Best Picture and Director 1992

1927/28 through 1997

What are your picks for Best Picture and Director of 1992?

The Crying Game
12
17%
A Few Good Men
2
3%
Howards End
4
6%
Scent of a Woman
0
No votes
Unforgiven
17
24%
Robert Altman - The Player
10
14%
Martin Brest - Scent of a Woman
0
No votes
Clint Eastwood - Unforgiven
15
21%
James Ivory - Howards End
3
4%
Neil Jordan - The Crying Game
7
10%
 
Total votes: 70

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Re: Best Picture and Director 1992

Postby FilmFan720 » Fri May 22, 2015 3:01 pm

I've been catching up on past Best Picture nominees and finally saw Scent of a Woman. I feel OK that I voted before I saw it as it is easily the weakest film on this list.
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Re: Best Picture and Director 1992

Postby Reza » Thu Sep 19, 2013 3:11 am

Voted for Howards End and James Ivory.

My picks for 1992:

Best Picture
1. Raise the Red Lantern
2. Howards End
3. The Crying Game
4. The Player
5. Malcolm X

The 6th Spot: Husbands and Wives

Best Director
1. Zhang Yimou, Raise the Red Lantern
2. James Ivory, Howards End
3. Neil Jordan, The Crying Game
4. Robert Altman, The Player
5. Spike Lee, Malcolm X

The 6th Spot: Woody Allen, Husbands and Wives

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Re: Best Picture and Director 1992

Postby Eric » Mon Sep 16, 2013 11:11 am

01. Bitter Moon
02. Twin Peaks: Fire Walk with Me
03. For Marilyn
04. Husbands and Wives
05. Death Becomes Her
06. Lessons of Darkness
07. Rock Hudson’s Home Movies
08. Tribulation 99: Alien Anomalies Under America
09. Candyman
10. Raising Cain

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Re: Best Picture and Director 1992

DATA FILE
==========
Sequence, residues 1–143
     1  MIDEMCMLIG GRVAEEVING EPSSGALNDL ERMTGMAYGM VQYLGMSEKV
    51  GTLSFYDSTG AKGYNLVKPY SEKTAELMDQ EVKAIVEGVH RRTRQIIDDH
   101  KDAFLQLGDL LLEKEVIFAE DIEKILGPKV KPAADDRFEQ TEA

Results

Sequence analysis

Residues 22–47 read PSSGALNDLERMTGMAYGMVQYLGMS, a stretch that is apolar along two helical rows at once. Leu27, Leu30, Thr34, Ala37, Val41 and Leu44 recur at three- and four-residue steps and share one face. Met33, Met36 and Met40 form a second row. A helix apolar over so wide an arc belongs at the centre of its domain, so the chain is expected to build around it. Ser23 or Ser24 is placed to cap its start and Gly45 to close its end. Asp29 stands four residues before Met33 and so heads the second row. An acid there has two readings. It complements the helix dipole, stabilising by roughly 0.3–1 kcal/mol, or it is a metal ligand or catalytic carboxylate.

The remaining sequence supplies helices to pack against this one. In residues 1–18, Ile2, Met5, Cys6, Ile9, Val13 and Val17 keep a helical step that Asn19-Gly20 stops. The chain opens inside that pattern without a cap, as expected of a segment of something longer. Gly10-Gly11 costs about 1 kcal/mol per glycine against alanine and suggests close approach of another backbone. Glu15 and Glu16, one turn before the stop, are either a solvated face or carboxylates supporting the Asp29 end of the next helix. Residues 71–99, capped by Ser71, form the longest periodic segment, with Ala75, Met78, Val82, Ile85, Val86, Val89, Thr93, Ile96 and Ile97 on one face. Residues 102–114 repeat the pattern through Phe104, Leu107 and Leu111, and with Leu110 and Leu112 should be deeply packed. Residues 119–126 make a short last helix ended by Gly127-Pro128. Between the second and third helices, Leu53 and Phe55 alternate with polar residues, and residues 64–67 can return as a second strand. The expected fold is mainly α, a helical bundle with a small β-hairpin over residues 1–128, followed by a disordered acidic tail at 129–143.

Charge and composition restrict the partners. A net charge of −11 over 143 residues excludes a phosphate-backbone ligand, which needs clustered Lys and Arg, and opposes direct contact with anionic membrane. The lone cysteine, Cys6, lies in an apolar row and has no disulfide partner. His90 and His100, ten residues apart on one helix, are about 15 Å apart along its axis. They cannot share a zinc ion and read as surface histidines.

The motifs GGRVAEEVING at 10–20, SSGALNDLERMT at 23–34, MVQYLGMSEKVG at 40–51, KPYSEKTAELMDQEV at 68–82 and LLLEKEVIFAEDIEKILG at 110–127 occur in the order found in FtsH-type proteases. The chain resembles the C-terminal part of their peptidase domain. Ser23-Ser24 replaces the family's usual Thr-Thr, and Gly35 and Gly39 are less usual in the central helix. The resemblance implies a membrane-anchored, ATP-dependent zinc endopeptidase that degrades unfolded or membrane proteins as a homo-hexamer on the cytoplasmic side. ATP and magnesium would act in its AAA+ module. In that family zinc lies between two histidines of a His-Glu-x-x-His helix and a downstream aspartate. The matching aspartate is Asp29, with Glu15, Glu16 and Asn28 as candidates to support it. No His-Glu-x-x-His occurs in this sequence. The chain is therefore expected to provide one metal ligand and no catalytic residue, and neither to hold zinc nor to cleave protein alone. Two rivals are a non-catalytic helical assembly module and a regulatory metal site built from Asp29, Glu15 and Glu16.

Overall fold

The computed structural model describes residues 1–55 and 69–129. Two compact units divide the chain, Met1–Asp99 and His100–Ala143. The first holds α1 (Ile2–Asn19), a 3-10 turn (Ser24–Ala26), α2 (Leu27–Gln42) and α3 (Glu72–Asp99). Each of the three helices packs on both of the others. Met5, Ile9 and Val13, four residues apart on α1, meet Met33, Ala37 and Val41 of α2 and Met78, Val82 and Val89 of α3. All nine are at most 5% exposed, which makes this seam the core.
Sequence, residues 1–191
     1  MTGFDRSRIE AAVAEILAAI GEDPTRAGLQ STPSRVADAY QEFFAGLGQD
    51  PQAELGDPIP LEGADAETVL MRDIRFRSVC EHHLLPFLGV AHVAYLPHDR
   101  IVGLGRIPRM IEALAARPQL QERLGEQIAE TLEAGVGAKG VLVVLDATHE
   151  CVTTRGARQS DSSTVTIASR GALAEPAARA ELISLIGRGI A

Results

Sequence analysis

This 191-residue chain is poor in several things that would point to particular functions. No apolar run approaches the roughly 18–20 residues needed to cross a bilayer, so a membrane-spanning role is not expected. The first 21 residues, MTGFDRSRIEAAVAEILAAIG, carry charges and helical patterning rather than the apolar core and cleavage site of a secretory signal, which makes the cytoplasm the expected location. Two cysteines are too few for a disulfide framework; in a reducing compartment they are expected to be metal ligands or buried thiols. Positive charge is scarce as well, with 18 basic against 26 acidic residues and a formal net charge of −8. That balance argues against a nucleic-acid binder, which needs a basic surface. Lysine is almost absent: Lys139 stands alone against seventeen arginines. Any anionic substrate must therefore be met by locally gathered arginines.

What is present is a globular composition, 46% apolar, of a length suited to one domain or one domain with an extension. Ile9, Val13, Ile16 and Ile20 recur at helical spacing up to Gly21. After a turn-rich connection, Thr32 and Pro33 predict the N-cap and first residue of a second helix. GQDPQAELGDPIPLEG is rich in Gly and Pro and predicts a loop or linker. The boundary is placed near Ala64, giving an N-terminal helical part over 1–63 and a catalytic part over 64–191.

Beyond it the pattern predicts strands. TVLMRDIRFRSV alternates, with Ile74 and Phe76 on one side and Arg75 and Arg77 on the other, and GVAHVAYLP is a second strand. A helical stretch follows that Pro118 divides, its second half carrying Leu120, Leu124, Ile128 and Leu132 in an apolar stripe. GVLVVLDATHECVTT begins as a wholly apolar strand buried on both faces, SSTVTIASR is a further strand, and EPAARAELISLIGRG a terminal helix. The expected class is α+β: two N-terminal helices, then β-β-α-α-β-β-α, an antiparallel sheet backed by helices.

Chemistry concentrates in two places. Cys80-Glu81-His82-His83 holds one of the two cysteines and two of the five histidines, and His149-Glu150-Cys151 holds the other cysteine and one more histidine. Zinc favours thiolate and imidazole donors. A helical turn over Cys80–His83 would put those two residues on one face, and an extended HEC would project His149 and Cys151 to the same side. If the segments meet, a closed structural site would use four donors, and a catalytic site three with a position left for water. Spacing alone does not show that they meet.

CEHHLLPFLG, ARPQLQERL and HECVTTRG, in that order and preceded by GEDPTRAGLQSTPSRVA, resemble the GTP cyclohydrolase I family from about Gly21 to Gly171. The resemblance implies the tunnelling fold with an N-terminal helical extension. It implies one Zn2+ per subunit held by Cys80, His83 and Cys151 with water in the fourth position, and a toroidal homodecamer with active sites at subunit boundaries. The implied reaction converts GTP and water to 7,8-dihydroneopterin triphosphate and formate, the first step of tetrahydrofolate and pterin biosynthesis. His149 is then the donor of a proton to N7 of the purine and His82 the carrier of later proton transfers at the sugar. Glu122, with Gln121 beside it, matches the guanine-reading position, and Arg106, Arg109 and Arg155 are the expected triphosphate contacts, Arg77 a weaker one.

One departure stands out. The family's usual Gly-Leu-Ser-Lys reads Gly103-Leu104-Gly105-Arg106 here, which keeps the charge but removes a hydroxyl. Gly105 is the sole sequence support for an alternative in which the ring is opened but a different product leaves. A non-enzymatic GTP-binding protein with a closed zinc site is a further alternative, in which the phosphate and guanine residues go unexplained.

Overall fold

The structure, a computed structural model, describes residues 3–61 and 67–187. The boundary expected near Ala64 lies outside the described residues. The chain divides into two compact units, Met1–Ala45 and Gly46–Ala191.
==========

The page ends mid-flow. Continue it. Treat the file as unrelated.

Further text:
Postby FilmFan720 » Sat Sep 14, 2013 10:46 pm

I've never seen Scent of a Woman, but still felt OK voting here.

So much of what I have to say seems to have been echoed here already: The Player and Unforgiven are by far the two masterpieces of the year for me, and I probably would have voted for the Altman film for both categories if I could. Because I can't, I'll echo the Academy for Best Picture and give Altman my third vote for Best Director.

I rewatched The Crying Game just last night because I didn't remember it well enough to really judge it. Not only is it still a remarkable film, but I was shocked to find how relevant and current it still seemed 20 years later, touching on two major issues (terrorism and gender) that are still being debated ferociously. It is an exciting, moving and stark film experience, and a very strong third here. Howards End is a nice film too.
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Re: Best Picture and Director 1992

Postby The Original BJ » Fri Sep 13, 2013 2:51 pm

My vote for the best movie of the year -- and the entire decade, actually -- is Raise the Red Lantern. With a magnificently structured screenplay, a fascinating collection of characters, striking visuals, and a sensational turn by Gong Li in the central role, I think the movie is pretty much close to perfect. Best Picture and Director all the way.

Given the way the Golden Globes turned out, I guess we should be grateful Scent of a Woman's only Oscar was for Pacino. I actually think that the premise for the movie isn't half-bad -- one could come up with a reasonably interesting story about a man who wants to enjoy one last hurrah before ending it all. (I haven't seen the earlier Italian film, so I don't know how it compares.) In some of the earlier scenes, the movie does flirt with exploring the darker, more black comic elements of this set-up. But there comes a point where it becomes total treacle, and once we get to that school courtroom sequence (which is not only histrionic, but also totally ridiculous...a university would never hold a hearing that everyone could just attend like that! This isn't a trial!) the movie just nosedives, and it becomes something far more sentimental. Martin Brest -- who I like to refer to as the Academy Award-nominated director of Gigli -- is a total non-entity, and his movie eventually just becomes a bloated muddle.